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so lonely

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almann1979
(@almann1979)
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Joined: 15 years ago
Posts: 1281
Topic starter  

this is a great song and we are rehaersing it now - however, i am stumped by the theory Andy summers uses on his solo.

IF anybody here already knows this solo and understands the theory could you give me a clue??
the chords are C G Am F, but a lot of the time he seems to be using the b minor pentatonic.
i know he likes to use outside notes as he loves his jazz, but i just dont understand why this solo works...

does anybody play it??

"I like to play that guitar. I have to stare at it while I'm playing it because I'm not very good at playing it."
Noel Gallagher (who took the words right out of my mouth)


   
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Lee N
(@lee-n)
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Joined: 18 years ago
Posts: 142
 

The key changes to D when the solo kicks in, everything moves up a whole step so the Bm pentatonic would make sense as it's the relative minor of D major.


   
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almann1979
(@almann1979)
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Joined: 15 years ago
Posts: 1281
Topic starter  

thanks, i didnt realise there was a key change - it makes perfect sense now. thanks

"I like to play that guitar. I have to stare at it while I'm playing it because I'm not very good at playing it."
Noel Gallagher (who took the words right out of my mouth)


   
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almann1979
(@almann1979)
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Joined: 15 years ago
Posts: 1281
Topic starter  

okay - progress is good. the song is gig ready and we are rareing to go. The solo and fills are there are sounding good -EXCEPT i want to alter the solo now slightly (dont ask me why, i always like to change a solo unless it is a "signature" solo everybody recognises).
I would like to play the origional solo from the record up until half way, and then when the tempo kicks up switch from major pentatonic to minor pentatonic and put my own stamp on it, but im struggling to make this work.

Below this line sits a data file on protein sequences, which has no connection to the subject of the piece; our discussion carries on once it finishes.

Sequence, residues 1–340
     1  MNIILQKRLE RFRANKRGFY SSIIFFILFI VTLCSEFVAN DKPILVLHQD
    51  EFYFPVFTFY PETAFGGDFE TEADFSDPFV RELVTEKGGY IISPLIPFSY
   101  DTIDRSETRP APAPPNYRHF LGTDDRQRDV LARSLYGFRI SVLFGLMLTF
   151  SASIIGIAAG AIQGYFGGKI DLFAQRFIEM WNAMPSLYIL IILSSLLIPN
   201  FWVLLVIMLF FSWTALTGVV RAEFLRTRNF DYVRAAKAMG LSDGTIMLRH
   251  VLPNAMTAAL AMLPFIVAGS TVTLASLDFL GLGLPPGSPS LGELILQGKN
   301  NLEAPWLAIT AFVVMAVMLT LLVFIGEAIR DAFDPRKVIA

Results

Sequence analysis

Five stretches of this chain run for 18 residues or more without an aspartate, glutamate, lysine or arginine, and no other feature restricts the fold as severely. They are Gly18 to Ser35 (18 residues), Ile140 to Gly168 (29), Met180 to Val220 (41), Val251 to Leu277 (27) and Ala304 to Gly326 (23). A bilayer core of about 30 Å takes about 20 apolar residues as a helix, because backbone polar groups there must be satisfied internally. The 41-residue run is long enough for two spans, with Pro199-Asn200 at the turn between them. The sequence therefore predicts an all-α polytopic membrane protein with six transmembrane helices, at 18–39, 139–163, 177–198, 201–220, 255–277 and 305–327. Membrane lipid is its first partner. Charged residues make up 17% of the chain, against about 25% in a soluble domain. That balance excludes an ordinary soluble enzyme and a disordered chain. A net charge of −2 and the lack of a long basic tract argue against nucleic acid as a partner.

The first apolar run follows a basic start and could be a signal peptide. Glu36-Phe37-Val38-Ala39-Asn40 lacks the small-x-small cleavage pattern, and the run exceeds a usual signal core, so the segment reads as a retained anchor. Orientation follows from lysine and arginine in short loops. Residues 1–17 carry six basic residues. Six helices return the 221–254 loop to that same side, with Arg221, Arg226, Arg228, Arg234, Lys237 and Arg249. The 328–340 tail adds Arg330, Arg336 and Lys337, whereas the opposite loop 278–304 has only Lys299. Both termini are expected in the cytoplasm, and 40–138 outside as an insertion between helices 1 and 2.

if you play half a solo in major pentatonic does this set the ears up to reject a switch to minor? it just sounds horrible when i switch??

does anybody who knows the song have a reason for this or should it technically work??

i do realise that switching to minor would cause a clash, but if i approach this clash the same way i would approach using a blues scale, it surely should work??

any ideas??

"I like to play that guitar. I have to stare at it while I'm playing it because I'm not very good at playing it."
Noel Gallagher (who took the words right out of my mouth)


   
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GuitarJace
(@guitarjace)
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Joined: 14 years ago
Posts: 7
 

Do you mean playing the solo in D minor pentatonic or D's relative minor pentatonic (B minor pentatonic)?

Either way if you are looking for a little bit of a different sound, I suggest the B Aeolian mode. It gets really rocking and it will sound a little bit different because you are adding 2 notes to the D major pentatonic.

Really if you wanted to give this solo your own spice, though, just play the second half of the solo like you would if you invented the song. You don't have to change the scale to add your own flavor, unless that is what you do.


   
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almann1979
(@almann1979)
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Joined: 15 years ago
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Topic starter  

well, for our singers sake we transposed the whole song down to Bb. so when the solo kicks in and we move up a step, we play in c major. the first half of the solo is in c major and i use C major pent, (or A aeolian - all the same to me), but for the second half i want to use c minor or c blues.
i would try to play the solo my way, but the first half of the solo is more recognisable than the rest, and being a covers band we want to keep in the most recognisable parts. however, when i switch to c blues, it all goes pear shaped :oops:

"I like to play that guitar. I have to stare at it while I'm playing it because I'm not very good at playing it."
Noel Gallagher (who took the words right out of my mouth)


   
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GuitarJace
(@guitarjace)
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Joined: 14 years ago
Posts: 7
 

That's because a C minor pentatonic blues is such a huge change from a C major pentatonic. You see the C minor blues consists of the pattern: 1,b3,4,b5,5,b7 (C, D#, F, F#, G, A#, respectfully) and the key of C consists of the notes: C, D, E, F, G, A, B. As you can clearly see, those notes are somewhat similiar, but very different. I have always learned that improv or soloing, as long as you start on the note and end on the note, you can do whatever you want. So if you want to rock out in a C blues pentatonic, go ahead. The D#, F# and A# notes will make for a great range of passing notes. Just be careful with it and don't blur out 40000 notes per second; then it will just sound like crap.


   
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